For example, in a study conducted by the USDA, when white mushrooms were exposed to UV rays they went from containing .18 micrograms of vitamin D to 23.6 micrograms (more than the daily recommended amount needed).

      Mushroom-Vitamin-D-Chart_2020-1024x410

      Image Sourcing: Data Source: U.S. Department of Agriculture, Agricultural Research Service. FoodData Central, 2019. fdc.nal.usda.gov.

      Similar results were seen with brown/crimini mushrooms, portobello mushrooms, and maitake mushrooms. 

      Further research on vitamin D in mushrooms is highlighted in this poster summary.

      Vitamin D Levels of Mushrooms Exposed to UV Light

      What’s interesting is that UV lights actually stoked the highest vitamin D levels in mushrooms when exposed - even more so than natural sunlight…crazy, right?

      A note on commercially purchased mushrooms

      Since we’re talking about how to find natural sources of vitamin D, and are labeling mushrooms as one of those amazing options, it’s important to note a few key caveats:

      • Storage: extended storage of mushrooms may reduce vitamin D levels
      • Cooking: cooking may reduce vitamin D levels in mushrooms and there is no great way to measure this at home
      • Accuracy: While there are studies that back up the validity of the claims in this article, no mushroom is made exactly the same. This means that the specific mushroom you have at home may not have the same levels of vitamin D that have been noted in the studies and there is no real way to understand how sunlight affects the mushrooms from the comfort of your home.

      How to boost the vitamin D of your mushrooms

      Okay, okay, I’m intrigued. But, how does it work? We’re so glad you asked. This is how to simply expose your mushrooms to UV light at home using either UV lights or sunshine (credit: Paul Stamets):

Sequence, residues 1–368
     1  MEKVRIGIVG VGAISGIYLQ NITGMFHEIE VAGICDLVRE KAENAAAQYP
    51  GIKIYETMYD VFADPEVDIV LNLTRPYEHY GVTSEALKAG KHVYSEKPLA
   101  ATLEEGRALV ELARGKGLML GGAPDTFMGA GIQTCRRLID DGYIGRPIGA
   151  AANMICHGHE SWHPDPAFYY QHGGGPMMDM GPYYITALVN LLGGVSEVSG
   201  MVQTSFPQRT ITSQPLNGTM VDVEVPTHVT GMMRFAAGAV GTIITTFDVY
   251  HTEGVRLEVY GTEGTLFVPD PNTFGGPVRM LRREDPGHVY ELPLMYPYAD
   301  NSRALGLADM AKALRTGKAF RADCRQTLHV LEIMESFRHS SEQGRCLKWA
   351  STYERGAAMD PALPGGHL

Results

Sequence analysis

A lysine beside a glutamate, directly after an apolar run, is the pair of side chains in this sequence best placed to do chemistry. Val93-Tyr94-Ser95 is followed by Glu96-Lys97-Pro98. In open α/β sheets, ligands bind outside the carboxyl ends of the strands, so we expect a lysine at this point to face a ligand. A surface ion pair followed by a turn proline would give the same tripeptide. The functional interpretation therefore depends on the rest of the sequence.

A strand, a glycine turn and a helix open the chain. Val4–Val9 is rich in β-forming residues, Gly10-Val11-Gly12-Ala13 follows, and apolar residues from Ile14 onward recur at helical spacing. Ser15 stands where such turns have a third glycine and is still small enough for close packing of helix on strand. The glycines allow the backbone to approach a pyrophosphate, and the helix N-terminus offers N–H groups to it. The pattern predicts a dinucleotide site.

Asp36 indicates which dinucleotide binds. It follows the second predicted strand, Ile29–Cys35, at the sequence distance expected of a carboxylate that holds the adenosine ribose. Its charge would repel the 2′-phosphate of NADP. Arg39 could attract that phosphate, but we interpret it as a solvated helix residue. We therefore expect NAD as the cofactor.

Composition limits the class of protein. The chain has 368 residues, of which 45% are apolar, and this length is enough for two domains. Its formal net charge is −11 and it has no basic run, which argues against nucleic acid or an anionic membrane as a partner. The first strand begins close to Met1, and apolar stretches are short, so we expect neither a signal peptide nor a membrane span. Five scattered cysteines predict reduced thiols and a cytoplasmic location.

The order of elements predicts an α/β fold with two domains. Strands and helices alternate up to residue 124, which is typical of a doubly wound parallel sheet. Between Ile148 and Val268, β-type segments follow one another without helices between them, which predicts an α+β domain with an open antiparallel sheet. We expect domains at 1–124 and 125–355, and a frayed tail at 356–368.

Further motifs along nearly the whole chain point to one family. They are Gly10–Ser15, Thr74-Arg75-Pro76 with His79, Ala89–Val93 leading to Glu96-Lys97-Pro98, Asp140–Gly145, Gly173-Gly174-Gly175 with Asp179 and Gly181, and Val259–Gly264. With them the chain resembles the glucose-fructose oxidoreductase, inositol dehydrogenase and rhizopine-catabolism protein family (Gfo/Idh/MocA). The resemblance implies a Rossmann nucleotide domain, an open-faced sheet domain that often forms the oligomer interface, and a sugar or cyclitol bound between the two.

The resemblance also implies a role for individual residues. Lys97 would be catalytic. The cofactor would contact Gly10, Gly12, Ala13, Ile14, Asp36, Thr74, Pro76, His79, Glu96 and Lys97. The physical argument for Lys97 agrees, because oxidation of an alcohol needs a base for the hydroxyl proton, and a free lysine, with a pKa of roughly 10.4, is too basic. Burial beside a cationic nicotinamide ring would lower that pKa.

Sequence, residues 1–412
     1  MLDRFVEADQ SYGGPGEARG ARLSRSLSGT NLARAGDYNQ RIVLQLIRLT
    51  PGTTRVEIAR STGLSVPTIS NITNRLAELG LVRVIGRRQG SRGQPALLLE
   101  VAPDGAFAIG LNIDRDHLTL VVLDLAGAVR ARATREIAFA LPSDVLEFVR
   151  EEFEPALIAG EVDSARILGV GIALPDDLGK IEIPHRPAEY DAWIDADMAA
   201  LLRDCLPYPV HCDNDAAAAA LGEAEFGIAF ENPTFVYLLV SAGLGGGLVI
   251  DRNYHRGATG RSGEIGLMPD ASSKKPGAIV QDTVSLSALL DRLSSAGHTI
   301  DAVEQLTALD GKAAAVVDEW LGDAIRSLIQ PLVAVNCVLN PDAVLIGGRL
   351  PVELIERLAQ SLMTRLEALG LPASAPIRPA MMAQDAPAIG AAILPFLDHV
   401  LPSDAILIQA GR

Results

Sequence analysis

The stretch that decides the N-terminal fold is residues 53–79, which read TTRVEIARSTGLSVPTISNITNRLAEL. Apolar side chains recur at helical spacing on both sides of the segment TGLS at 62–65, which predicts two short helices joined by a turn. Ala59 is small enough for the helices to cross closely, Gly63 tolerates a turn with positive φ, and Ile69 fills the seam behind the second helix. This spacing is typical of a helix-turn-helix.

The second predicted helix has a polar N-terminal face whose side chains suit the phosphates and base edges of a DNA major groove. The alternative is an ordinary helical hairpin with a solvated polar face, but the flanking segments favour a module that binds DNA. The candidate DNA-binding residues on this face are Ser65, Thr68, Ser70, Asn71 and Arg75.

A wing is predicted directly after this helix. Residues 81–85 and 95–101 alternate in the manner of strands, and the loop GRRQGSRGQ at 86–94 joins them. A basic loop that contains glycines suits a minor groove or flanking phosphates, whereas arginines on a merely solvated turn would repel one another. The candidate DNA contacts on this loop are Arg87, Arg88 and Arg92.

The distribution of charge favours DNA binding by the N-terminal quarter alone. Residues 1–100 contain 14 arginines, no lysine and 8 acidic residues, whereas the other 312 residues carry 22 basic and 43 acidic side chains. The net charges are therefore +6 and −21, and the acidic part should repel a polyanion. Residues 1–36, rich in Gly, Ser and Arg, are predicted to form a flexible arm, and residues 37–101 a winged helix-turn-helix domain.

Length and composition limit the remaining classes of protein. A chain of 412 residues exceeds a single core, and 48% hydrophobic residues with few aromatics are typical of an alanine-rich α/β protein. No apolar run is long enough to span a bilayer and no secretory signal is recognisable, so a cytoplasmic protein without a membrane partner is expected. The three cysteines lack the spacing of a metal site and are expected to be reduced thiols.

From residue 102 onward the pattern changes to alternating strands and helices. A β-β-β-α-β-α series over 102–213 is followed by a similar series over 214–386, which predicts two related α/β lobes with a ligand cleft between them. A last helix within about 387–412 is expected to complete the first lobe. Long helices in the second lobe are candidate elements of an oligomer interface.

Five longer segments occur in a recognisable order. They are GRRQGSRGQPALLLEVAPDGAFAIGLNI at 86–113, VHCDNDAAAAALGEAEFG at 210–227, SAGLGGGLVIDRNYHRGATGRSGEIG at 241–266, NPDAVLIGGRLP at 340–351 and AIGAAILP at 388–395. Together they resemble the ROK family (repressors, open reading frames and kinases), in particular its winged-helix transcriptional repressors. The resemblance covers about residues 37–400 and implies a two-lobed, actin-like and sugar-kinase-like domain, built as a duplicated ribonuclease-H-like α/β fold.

1. Purchase fresh maitake, shiitake, button, oyster mushrooms, or whatever type you can find from your local store - note: organic is preferable
      2. Purchase UV lights to set up at home or look out for a string of super sunny days heading your way (we recommend waiting for summer UV rays - namely in July and August - if you live in a colder climate)
      3. Slice the fresh mushrooms and place them evenly on a tray
      4. Expose them to sunlight for 6-8 hours a day OR leave them under UV lights
      5. Repeat the process daily until they are thoroughly dried and then complete the drying process with a dehydrator if necessary (they will be good for about a year)
      6. Take 10 grams daily by soaking the dried mushroom in warm water for one hour - once it’s softened, cook as desired!

       If you end up trying it out, let us know! We’re curious how it turns out for you.

      Now, go grab some mushrooms and spend some time in the sunshine - we all need it. Happy sunning!

      Additional Sources:

      Roberts, J.S., Teichert, A., and McHugh, T.H. 2008. Vitamin D2 formation from postharvest UV-B treatment of mushrooms (Agaricus bisporus) and retention during storage. J. Agric. Food Chem. 56:4541-4544.


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      When we dove head-first into the fascinating world of mushrooms, we hit a wall of misinformation and deceptive marketing. It has been our goal to preserve the history and future of mushrooms as medicine by providing you with an unbiased, trusted source into all facets of fungi. But we've only just scratched the surface. Learn along with us by subscribing to our newsletter: The MorningMush. We always welcome your thoughts and feedback.